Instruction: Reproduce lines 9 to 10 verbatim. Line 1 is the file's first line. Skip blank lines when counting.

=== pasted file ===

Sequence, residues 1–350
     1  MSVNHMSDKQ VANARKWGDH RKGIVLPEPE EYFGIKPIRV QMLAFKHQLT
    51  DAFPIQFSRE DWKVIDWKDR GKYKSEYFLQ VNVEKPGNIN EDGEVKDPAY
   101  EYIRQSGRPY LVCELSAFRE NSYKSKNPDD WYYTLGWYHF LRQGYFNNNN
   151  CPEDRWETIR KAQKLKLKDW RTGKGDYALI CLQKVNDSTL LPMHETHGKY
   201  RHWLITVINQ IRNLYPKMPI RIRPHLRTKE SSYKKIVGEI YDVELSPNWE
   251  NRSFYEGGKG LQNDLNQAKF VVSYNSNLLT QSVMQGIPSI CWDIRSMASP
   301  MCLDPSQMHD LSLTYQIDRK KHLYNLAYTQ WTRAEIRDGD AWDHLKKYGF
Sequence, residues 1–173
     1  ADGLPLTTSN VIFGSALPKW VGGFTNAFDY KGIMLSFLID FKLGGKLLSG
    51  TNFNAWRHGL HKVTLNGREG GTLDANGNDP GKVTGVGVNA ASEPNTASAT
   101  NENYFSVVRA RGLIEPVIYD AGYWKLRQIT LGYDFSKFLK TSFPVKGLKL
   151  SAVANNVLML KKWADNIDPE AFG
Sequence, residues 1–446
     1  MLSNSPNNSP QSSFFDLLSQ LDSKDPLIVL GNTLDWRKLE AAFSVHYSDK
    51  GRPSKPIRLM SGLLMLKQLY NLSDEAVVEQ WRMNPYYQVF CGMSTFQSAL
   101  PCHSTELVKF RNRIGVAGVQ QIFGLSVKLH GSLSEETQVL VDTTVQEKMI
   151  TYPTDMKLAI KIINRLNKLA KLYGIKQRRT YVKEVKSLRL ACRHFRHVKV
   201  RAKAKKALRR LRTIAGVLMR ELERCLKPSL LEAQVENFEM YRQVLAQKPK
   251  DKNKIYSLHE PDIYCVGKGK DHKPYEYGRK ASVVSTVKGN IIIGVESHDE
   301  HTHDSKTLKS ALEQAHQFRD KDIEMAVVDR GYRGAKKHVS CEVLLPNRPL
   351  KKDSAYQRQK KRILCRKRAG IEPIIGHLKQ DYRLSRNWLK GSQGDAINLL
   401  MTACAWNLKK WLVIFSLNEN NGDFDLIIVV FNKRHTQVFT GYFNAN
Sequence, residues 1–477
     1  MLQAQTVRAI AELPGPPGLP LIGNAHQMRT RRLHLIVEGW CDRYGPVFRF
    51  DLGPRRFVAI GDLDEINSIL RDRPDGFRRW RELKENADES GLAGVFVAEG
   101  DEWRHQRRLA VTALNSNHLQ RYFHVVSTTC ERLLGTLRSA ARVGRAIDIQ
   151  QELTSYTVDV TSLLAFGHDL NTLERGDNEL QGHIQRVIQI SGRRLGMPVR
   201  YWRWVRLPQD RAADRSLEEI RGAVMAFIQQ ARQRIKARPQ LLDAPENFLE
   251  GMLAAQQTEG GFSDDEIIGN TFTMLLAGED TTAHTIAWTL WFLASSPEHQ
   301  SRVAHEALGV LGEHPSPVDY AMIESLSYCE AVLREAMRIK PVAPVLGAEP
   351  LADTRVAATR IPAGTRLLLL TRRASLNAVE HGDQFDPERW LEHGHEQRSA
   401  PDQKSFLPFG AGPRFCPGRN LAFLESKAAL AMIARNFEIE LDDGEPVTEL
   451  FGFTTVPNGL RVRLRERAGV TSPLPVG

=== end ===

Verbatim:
Sequence, residues 1–173
     1  ADGLPLTTSN VIFGSALPKW VGGFTNAFDY KGIMLSFLID FKLGGKLLSG